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South Bank.

an evolving landscape

London’s South Bank is celebrated for its cultural importance as an entertainment district offering spectacular panoramic views of some of the City’s famous architectural sites.


Numerous tourist attractions, business districts, and docklands can be accessed via the riverside walks and transport links along the Thames.


Convoys Wharf is one of the many docklands bordering the riverside, however, very little is known about it. This large area of abandoned wasteland was once an important dockyard for trade routes, newsprint, and Royal Navy shipbuilding from as early as the 1500s.


Steeped in history, but neglected for centuries, the site is ripe for development.    

experimental designs


We were approached to reimagine Convoys Wharf in an ‘ideal world’ setting and create conceptual designs that would breathe life into this neglected landscape.


The brief:


  • Residential council housing


  • A hub for commercial businesses


  • Pedestrianised routes

Our proposal:


  • Evoke the site’s historic routes and transform the space into a contemporary, yet historic, area of interest in London

  • Create a multi-sensory site to encourage interaction, discovery, and exploration

  • Areas of expansion and compression to accommodate large gatherings, points of interest, and contemplative intimate zones.


  • Experimental planting and innovative design solutions to investigate the relationship between the landscape, climate, structures, and wildlife.


structural interest

At the centre of our design is the Olympia warehouse, formerly used for news printing. We stripped this structure back to its bare form, revealing a large latticework frame.


Low maintenance wild plants interweaved across the frame gives this old metal structure over to nature to enjoy free reign.


Outdoor exhibit spaces reconnect the Wharf with South Bank's longstanding ties to London's cultural art scene. 


Designed as a contemporary twist on the model of a Tudor ship, the Corten steel lookout tower echoes the site's naval history. The surrounding expanse of water exposes old ship parts and decaying structures at low tide for additional archaeological interest.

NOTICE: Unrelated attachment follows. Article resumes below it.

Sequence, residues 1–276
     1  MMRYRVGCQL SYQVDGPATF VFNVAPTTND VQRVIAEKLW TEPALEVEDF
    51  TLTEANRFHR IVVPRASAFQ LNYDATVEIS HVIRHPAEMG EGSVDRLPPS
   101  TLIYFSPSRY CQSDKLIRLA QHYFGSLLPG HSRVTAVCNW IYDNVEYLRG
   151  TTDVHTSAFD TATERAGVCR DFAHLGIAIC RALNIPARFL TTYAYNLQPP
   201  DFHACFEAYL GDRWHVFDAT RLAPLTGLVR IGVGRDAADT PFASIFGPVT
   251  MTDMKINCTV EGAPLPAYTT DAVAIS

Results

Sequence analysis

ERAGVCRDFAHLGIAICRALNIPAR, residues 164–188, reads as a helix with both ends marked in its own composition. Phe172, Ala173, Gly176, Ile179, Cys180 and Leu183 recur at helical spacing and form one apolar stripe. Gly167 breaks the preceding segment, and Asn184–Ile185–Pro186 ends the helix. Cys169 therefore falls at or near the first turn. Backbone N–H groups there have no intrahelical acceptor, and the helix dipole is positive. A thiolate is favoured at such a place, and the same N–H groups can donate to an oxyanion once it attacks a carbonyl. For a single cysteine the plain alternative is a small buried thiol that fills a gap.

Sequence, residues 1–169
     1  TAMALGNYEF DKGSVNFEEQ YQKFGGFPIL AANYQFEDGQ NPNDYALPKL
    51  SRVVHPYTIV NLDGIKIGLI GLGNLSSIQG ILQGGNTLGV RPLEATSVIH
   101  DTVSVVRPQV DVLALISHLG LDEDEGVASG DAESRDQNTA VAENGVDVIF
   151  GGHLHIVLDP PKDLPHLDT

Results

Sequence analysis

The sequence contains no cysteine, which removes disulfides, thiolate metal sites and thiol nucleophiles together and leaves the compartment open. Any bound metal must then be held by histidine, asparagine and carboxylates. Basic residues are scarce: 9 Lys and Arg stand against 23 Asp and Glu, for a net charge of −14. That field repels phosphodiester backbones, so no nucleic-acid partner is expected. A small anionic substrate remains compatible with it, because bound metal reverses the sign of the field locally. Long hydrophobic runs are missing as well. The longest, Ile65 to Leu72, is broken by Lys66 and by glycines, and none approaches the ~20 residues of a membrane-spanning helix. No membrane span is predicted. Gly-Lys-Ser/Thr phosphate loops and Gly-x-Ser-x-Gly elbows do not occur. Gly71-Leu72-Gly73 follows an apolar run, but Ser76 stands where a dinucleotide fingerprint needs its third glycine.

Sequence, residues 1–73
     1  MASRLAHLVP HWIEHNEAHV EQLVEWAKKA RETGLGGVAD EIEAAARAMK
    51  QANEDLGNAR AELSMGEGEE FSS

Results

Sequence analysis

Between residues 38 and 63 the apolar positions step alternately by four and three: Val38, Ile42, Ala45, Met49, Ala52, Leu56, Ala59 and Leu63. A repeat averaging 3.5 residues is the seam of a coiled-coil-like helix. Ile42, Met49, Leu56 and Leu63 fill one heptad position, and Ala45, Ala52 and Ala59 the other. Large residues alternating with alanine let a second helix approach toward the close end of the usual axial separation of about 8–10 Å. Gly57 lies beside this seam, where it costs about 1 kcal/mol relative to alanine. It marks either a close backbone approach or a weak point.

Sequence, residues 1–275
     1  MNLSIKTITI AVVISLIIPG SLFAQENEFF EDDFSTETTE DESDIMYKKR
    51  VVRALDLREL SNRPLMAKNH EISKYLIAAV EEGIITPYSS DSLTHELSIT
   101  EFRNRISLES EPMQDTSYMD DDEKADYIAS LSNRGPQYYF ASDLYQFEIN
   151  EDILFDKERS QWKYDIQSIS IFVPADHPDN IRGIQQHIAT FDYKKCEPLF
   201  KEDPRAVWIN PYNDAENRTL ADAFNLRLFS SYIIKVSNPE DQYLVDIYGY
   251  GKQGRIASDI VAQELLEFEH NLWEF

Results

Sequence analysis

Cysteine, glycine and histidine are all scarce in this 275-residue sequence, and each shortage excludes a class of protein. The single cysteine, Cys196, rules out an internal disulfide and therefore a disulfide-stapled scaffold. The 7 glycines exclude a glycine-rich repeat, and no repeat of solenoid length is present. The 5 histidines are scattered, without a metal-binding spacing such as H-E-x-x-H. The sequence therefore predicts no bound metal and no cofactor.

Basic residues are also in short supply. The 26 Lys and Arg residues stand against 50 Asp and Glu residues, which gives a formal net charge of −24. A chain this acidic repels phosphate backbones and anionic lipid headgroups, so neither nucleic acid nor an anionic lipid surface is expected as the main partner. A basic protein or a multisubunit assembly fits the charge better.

We created opportunities for the residential community and public to engage their senses and experience luxuries they may not otherwise have access to.


The viewing tower, beaches, jetty, and network of routes forking out to the river would enable the public to enjoy the holistic benefits of connecting with water.


Gardens to 'grow your own' and precious allotment space is a rarity for City dwellers. Community-run vegetable patches, herb gardens, and orchard encourage learning and provide fresh, seasonal produce to the Wharf's residents and commercial business owners.

holistic living


an evolving site

We wanted to experiment with both structural and planting solutions that could work with the climate and landscape.


Sustainable Urban Drainage Solutions counter issues of riverbank flooding and stormwater run-off. Bioswales redirect water towards the rain garden and reed beds for remediation and dissipation back into the river.


A large waterwheel converts energy from the river’s current to generate a percentage of power for the Wharf’s commercial businesses.


Phytoremediation planting schemes, such as willows and reeds in the wetland areas, would help stabilise pollution levels in the soil and water.


Wetland habitats would allow us to observe how native wildlife interacts with and adapts to the space.

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